Fight Interviews

[Interview] Danny Jacobs: Beating Cancer and the Hard Middleweight Road Back

"I know I'm in tip-top shape and I'll be able to perform, but emotionally I might be on a natural high and perform like Ali."

For most, beating able to survive a bout with cancer is enough. After that, whatever lifestyle changes recommended by a doctor are followed meticulously. Former middleweight prospect Danny Jacobs was faced with the same scenario in May 2011, when he was diagnosed with a rare form of bone cancer called osteosarcoma that latched onto his spine. Unable to walk, the 25-year-old Jacobs had emergency surgery on his back and was told in no uncertain terms that his boxing career was over.

Within a month of that medical declaration, Jacobs was back in the ring sparring.

Over a year later, Jacobs finds himself back in the ring professionally tomorrow night on Showtime when he faces Josh Luteran to kick off his official comeback. The story is inspiring; many have rightfully proclaimed Jacobs an inspiration no matter what the outcome of his comeback. But unlike other sports, boxing is brutal vocation that shows no mercy in exposing any sign of weakness. The cancer may have increased Jacobs’ mental fortitude, but has that happened at the expense of his in-ring ability?

Beats, Boxing & Mayhem: On you’re journey back to the ring, did you have any mental fear or blocks when it came to taking punches and sparring?

Jacobs: When I went back into sparring it was at a time when doctors told me I shouldn’t spar. A month after, if not a few weeks. after I got out of the hospital I was in there sparring. That first time I got a really good shot, it kind of shook me up a little bit. I didn’t get hurt, but it was a reminder that “this is what you have to look forward to.” If I am going to do it, I have to go hard and give it my all because boxing is a rough sport. It definitely was a good reminder that allowed me to work hard because I didn’t want to take those shots like a did before [laughs].

Beats, Boxing & Mayhem: Any time you’ve had major surgery you’re going to notice differences in your body. Hopefully, those differences will be improvements but that varies. What changes did you notice afterward?

Jacobs: The surgery on my back was the longest to heal. I remember my back was numb for a very long time and in pain for months. I definitely see a difference in my weight and my structure. I’ve never been this ripped, cut up and in shape. I don’t know what happened, but you can distinctively see the difference from when I fought [Dmitry] Pirog. I had one of the longest and best training camps for that fight. Training for this fight, I definitely see the changes in physique.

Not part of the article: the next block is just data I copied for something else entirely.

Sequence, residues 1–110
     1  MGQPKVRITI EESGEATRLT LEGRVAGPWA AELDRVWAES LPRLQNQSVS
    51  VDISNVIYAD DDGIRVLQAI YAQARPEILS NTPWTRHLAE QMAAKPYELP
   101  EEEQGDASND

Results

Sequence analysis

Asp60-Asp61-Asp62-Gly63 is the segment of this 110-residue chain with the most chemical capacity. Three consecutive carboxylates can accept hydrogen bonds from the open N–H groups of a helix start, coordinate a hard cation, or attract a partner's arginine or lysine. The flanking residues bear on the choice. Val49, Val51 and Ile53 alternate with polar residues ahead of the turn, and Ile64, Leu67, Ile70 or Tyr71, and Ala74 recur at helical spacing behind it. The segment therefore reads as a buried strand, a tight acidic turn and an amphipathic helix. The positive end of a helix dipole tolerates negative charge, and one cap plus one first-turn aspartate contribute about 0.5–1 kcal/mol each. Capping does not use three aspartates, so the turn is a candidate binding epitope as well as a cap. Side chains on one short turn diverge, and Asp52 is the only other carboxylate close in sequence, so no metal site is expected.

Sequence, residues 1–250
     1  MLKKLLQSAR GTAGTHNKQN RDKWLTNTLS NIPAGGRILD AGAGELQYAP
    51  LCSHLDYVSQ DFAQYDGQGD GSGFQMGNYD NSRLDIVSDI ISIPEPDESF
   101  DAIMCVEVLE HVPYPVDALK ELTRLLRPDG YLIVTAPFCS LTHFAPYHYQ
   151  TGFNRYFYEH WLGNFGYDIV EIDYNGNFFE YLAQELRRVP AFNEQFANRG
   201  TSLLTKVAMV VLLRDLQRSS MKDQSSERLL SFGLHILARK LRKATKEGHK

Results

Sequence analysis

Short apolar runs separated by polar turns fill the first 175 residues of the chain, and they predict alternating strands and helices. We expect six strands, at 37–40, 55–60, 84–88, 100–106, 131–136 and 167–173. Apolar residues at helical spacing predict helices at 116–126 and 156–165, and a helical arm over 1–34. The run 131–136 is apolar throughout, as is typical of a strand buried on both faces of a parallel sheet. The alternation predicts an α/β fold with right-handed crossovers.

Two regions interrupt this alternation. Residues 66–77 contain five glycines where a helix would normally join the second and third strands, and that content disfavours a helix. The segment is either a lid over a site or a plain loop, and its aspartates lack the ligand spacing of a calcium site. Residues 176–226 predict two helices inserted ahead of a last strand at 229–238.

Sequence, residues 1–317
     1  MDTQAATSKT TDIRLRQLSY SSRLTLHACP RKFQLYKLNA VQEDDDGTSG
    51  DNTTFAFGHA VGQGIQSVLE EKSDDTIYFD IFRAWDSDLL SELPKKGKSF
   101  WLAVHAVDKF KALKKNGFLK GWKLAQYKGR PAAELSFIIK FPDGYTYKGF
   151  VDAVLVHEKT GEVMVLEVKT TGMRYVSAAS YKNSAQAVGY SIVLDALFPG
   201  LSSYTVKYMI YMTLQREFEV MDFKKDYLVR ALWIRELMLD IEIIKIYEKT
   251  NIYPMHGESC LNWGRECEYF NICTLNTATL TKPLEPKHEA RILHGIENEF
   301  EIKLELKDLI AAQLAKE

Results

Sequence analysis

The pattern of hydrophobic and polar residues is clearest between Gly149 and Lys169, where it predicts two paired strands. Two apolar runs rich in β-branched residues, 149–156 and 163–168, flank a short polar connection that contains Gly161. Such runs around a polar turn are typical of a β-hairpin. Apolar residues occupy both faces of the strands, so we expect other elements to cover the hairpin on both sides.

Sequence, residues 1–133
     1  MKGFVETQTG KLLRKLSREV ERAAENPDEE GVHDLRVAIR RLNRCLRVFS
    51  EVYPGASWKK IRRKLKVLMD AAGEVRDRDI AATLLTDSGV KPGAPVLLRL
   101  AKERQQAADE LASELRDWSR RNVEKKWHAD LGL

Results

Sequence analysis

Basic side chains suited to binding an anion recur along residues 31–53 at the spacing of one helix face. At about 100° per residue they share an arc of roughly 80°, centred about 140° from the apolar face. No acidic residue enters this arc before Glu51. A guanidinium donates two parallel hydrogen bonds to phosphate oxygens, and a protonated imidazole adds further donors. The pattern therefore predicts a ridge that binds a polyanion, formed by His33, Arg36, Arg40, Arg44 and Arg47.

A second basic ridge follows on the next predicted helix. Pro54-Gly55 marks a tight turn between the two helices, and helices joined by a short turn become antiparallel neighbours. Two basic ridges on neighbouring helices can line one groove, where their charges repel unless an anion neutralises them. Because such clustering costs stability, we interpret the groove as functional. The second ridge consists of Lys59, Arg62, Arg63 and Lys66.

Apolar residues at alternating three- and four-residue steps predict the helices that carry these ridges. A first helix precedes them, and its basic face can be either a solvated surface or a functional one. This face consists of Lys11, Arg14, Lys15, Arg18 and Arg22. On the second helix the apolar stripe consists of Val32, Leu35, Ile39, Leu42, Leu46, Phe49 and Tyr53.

Beats, Boxing & Mayhem: Being that it took so long for Josh Luteran to be named as your opponent, how has that changed your preparation?

Jacobs: I’m not one of those fighters that doesn’t look at opponents. If I do know who I’m fighting I try my best to do a little bit of research. What I did come up with was a couple of Youtube clips that he had. It was enough for me to know how he fights, his flaws and to get a gist of his style. I showed my trainers and with the little bit of time we do have we focus on using all his flaws to our advantage.

On Saturday night, not that I’m overlooking him, that’s a special night and I’m looking to perform. Whatever he brings to the table, I’ll be willing to adjust and stay in control.

 Beats, Boxing & Mayhem: Depending on the fighter’s temperament, some have to focus on restraining rather than embracing their emotions on fight night. For you, will you have to keep the flood of emotions with this comeback in check until after the final bell?

Jacobs: To be honest, I really want to be able to map out how everything is going to turn out that night with my emotions and how I’ll react. But honestly, I really don’t know how I’ll react. I know I’m in tip-top shape and I’ll be able to perform, but emotionally I might be on a natural high and perform like Ali. Or God forbid I’m nervous and it takes over me. [laughs] In all reality, I think I’ll just enjoy myself and let my hands go because I have a job to do and it’s nothing I haven’t done before. I just have to go in there and get the job done.

Beats, Boxing & Mayhem: With the changes you’ve experienced with your body, can you remain at middleweight for the near future?